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Squamish look for way to maximize their land and Vancouver the first big project

May 24th, 2010 · 8 Comments

The 10 acres of land that the Squamish own near Burrard Bridge became an object of curiosity this week, with much talk about the development that they have planned there for some time in the future.

Don’t expect anything soon. I talked to other municipalities who have worked with the Squamish and they say things proceed with caution after lengthy internal processes about the right way to go. But it is interesting to see what their preliminary thoughts are — and who is advising them, like one-time Stephen Harper ally Tom Flanagan. His paper for the band is here.

I wrote a story for the Globe on this Friday, which somehow isn’t on the website, but here it is.

Much is at stake for Squamish in launching ambitious project, on a site big enough to house another Olympic village
Vancouver has a history of experimental megaproject developments on former industrial waterfront that have changed the city.

South False Creek brought housing and families back to the inner city in the 1970s. Coal Harbour and North False Creek were showcases for high-rise development surrounded by such benefits as parks, community centres and a ribbon of seawall. The Olympic village in Southeast False Creek included all of the above, while adding a new layer of super-green elements, from rooftop gardens to condos heated through a district energy system.

But the newest waterfront project to emerge will present Vancouver and its developer with the biggest challenge to date.

That’s the 11 acres that the Squamish Nation plans to develop on the reserve lands it won back in 2002 on the south shore of False Creek near the Burrard Bridge.

For the city, it’s going to require a new kind of negotiation, since the Squamish have no obligation to abide by any of the city’s community plans or zoning.

“We will have to explain why we do development in Vancouver the way we do, and that if projects are well designed, people will want to live there,” said Councillor Raymond Louie, acknowledging that the city will have to spend a lot of time talking in order to sell the Squamish on guidelines that it can simply impose on others.

So far, he and others say, talks have been going well, culminating in the two groups signing a formal agreement this week to co-operate on a wide range of issues.

But for the Squamish, the project is equally daunting for other reasons. The land – in the heart of Vancouver, and big enough to house another Olympic village – will be the setting for the most ambitious development project they have undertaken since moving more aggressively into business ventures in recent years.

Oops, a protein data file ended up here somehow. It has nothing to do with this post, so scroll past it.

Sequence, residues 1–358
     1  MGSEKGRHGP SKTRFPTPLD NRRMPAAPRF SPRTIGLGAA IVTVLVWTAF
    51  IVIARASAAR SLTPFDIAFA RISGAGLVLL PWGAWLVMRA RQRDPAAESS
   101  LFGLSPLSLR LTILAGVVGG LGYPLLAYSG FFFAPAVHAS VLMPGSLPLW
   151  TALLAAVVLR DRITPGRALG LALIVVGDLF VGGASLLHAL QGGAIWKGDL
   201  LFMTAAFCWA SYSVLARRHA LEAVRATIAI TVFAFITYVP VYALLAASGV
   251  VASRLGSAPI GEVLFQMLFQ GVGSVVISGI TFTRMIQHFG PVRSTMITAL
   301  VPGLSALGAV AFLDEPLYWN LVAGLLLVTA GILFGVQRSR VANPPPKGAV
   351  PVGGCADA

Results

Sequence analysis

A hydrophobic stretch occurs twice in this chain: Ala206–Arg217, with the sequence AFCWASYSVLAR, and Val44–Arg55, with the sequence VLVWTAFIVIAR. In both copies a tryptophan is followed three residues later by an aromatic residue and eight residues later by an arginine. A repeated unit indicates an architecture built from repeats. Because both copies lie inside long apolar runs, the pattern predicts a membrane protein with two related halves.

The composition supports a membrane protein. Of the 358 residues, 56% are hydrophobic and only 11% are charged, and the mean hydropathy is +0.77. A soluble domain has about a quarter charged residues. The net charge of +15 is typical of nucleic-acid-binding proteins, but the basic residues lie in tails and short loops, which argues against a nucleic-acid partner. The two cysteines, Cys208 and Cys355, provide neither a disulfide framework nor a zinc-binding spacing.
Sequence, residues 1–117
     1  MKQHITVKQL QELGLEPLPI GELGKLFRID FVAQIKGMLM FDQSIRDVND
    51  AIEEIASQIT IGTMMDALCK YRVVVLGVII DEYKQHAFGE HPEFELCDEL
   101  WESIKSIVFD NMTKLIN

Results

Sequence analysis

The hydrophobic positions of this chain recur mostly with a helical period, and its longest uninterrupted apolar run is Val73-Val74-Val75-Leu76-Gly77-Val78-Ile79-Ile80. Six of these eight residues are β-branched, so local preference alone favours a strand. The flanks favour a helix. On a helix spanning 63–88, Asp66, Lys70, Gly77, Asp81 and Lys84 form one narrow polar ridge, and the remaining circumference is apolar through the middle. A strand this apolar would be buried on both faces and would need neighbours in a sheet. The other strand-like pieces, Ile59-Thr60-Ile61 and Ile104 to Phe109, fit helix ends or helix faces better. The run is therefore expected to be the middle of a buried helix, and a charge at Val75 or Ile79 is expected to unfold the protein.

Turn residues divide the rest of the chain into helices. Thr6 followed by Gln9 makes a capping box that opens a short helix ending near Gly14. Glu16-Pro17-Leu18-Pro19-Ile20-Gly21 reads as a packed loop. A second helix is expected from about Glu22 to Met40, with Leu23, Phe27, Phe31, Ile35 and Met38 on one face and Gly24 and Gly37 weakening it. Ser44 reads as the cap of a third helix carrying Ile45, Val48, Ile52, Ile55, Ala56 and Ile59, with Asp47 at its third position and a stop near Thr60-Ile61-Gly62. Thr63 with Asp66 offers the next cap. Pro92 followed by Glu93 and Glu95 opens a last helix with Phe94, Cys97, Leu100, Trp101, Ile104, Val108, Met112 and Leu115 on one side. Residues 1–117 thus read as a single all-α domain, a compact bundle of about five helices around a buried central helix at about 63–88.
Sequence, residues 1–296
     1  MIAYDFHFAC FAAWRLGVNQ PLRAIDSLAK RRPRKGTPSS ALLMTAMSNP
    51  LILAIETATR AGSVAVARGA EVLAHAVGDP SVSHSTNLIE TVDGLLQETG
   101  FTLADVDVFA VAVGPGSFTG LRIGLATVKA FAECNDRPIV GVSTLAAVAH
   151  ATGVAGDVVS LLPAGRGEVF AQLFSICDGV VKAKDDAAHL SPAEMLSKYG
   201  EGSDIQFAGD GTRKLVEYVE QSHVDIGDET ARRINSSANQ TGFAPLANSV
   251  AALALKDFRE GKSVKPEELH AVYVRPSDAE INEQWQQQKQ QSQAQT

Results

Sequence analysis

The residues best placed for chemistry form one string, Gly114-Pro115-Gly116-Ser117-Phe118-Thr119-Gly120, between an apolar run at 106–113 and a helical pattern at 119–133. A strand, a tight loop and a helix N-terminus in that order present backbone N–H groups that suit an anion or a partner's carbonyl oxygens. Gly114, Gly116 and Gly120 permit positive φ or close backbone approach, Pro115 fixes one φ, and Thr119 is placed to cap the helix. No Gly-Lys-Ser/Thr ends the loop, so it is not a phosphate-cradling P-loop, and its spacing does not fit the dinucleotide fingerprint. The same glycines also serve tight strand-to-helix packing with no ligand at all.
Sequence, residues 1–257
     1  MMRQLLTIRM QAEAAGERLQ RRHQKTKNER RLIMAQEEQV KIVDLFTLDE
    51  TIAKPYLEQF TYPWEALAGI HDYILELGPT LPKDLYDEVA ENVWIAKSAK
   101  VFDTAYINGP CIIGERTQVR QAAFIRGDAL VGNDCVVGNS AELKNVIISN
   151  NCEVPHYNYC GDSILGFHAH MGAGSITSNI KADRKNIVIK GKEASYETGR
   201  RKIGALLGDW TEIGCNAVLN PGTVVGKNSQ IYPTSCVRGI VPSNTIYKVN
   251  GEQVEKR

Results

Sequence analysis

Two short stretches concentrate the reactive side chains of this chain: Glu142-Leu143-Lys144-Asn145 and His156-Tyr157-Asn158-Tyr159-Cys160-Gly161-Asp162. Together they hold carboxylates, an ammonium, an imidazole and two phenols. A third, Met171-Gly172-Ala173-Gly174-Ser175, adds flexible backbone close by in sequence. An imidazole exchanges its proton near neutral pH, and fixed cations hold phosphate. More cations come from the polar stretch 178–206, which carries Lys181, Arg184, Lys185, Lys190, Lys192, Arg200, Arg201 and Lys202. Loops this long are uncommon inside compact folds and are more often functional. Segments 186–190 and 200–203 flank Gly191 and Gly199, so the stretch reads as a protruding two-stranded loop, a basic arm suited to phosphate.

“There’s a lot of things we need to do to make that project work,” Chief Gibby Jacob said.

Those things include all the standard questions for any development: Should it be commercial or residential? That’s not decided yet, Mr. Jacob said, though plans that the band worked on with the firm Kasian Architecture indicate a hyper-urban, Coal Harbour-style development. What is missing in the local market? “We see there’s a very large shortage of rental,” Mr. Jacob said.

Should the project be developed with a partner? Although the band has worked with Concord Pacific to develop land at Porteau Cove on Howe Sound, Mr. Jacob said the Squamish may develop this project on their own. “We give a lot away in a partnership,” he said.

One of the biggest hurdles is figuring out what kind of land-ownership scheme to use for the development, to get the best returns.

The band commissioned a paper last year from Stephen Harper’s one-time policy adviser, University of Calgary professor Tom Flanagan, on what to do about land development.

In that paper, he urged the band to buy out leases from existing tenants and find the most profitable use for band land – including outright sale, something that’s not currently allowed.

Prof. Flanagan also noted that the Squamish reserves constitute some of the best land for development in the central Vancouver region, land that could be the site of housing for tens of thousands.

Mr. Jacob agrees with Prof. Flanagan. He said the band is awaiting the outcome of proposed federal legislation that would allow it to change the way property can be owned.

“It’s just a logical area for us to be moving into,” Mr. Jacob said. “It’s a daunting task to try to house our people. Without new revenue, we can’t do it.”

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